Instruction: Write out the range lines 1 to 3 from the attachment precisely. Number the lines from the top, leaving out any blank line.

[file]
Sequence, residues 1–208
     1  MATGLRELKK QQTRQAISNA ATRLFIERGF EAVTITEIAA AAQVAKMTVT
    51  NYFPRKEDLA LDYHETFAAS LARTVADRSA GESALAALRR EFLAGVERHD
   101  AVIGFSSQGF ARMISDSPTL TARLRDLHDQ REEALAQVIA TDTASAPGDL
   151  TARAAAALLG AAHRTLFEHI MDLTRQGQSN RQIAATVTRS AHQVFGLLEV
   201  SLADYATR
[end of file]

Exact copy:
Sequence, residues 1–208
     1  MATGLRELKK QQTRQAISNA ATRLFIERGF EAVTITEIAA AAQVAKMTVT
    51  NYFPRKEDLA LDYHETFAAS LARTVADRSA GESALAALRR EFLAGVERHD